While much of this is important and interesting it keeps us focused on the many issues involved. Many of us will be thinking and talking about the pandemic a lot. At times we can feel confused, overwhelmed or even stressed and anxious. How can we be interested and concerned but stop this tipping over into anxiety?

If we follow the dominant mental health narrative, we will focus only on how we are feeling. We will notice when we feel anxious. We will assume that this is caused by the situation we are all in. This view masks the active psychology of anxiety. Nevertheless, some of the advice in the media is sensible and may help up to a point. We might be distracted from our anxieties for a time by doing something we enjoy, learning a new hobby, or taking some deep breaths. But these things won’t change whatever anxious thoughts we have. We can easily return to these in quieter moments when not preoccupied by the tricks and techniques on offer.

On the other hand, to unmask or reveal the true psychology of anxiety we can remember that anxiety is made up of two bits of thinking, (predicting and not wanting). This takes us beyond the recommended tricks and techniques. Then we can address how our particular thoughts are the essence of our anxiety.  

We can stop and ask ourselves “What am I thinking NOW?”. “What am I predicting?” “What am I imagining could happen?” These questions tackle the essence of feeling anxious. Most of us will come up with ideas and images that we wouldn’t want to happen. It’s how we react to these that matters. We can build on them and escalate them into a detailed ongoing preoccupation; or we can let them go and not dwell on them. We can ask: How do these thoughts make me feel? How realistic are these worries? Do I need to think about them now? Is there anything practical I can do to make myself safer? What else could I think about? These are choices only we can make.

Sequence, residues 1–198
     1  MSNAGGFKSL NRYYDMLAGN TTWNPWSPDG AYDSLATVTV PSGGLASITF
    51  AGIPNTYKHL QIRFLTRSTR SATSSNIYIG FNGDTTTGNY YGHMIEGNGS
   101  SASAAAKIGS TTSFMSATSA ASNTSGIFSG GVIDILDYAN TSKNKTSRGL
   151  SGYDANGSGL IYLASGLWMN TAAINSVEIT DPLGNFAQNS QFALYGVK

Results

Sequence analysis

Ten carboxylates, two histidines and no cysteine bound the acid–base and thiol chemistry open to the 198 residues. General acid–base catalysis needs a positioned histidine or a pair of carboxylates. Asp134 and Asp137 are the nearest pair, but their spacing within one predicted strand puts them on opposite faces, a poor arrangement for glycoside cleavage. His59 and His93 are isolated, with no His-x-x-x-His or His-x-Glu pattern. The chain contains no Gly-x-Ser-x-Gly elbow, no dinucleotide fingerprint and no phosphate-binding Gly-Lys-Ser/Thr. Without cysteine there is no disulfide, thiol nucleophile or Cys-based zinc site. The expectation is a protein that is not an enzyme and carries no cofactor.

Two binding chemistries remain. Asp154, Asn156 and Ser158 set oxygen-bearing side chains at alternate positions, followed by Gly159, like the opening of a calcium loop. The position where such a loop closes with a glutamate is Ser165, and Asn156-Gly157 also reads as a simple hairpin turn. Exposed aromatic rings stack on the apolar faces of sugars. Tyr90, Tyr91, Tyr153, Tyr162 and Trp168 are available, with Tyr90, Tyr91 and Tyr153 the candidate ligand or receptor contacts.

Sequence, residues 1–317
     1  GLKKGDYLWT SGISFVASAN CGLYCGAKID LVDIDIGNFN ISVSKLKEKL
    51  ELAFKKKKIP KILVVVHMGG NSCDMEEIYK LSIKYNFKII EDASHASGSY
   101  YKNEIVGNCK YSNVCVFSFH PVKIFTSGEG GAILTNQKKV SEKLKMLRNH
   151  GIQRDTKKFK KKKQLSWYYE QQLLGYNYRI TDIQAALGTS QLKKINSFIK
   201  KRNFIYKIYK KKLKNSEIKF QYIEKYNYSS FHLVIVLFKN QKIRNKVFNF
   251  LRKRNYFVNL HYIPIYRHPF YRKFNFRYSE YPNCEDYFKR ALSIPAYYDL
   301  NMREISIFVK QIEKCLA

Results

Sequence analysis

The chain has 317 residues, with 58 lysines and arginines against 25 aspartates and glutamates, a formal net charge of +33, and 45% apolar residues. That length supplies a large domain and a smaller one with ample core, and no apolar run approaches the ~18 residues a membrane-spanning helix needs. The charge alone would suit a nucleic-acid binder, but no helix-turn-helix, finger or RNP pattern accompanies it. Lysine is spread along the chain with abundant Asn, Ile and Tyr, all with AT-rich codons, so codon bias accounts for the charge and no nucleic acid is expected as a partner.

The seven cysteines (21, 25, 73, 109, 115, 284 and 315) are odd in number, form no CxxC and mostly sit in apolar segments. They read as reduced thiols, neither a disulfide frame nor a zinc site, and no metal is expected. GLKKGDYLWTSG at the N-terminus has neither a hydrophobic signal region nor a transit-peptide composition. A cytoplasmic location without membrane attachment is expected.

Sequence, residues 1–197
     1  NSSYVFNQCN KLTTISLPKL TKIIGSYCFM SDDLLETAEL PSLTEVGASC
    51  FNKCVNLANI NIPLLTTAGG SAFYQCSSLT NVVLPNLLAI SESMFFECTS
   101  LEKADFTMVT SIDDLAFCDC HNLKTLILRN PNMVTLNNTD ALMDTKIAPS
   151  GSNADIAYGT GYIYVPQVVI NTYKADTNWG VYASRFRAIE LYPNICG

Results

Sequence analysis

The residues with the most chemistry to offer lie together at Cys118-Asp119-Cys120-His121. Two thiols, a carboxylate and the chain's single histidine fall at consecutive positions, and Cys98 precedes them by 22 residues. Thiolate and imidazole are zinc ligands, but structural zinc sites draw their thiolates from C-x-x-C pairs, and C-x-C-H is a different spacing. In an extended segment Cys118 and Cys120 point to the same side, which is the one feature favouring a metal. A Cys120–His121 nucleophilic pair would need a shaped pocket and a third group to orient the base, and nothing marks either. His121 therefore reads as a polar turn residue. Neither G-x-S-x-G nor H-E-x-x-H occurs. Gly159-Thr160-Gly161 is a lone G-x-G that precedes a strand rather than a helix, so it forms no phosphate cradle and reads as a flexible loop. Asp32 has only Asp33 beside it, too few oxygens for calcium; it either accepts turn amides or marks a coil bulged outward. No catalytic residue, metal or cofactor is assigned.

Asking these questions at the right time isn’t easy as we are not used to doing it. It involves an effort that can feel as unnatural as sitting in the driving seat for the first time. However, with practice it becomes more automatic and second nature. If we get very good at it, we will feel more in control of many situations not just coronavirus. Remember when it comes to anxious thoughts, they don’t just happen to you. You are in the driving seat.

Keep reminding yourself that feelings of anxiety arise because of how we are thinking. Most of us will have concerns with the present situation; there is a lot at stake. But we should try not to let our anxious thoughts runaway with us. When we drive we don’t think of the 1.3 million people who die in accidents each year; having learned to drive safely we just keep doing it. Similarly, with the virus we need to learn how to keep ourselves safe and focus on doing this however long the Lockdown lasts.

Stay safe, follow the government guidance and be patient; it will pass.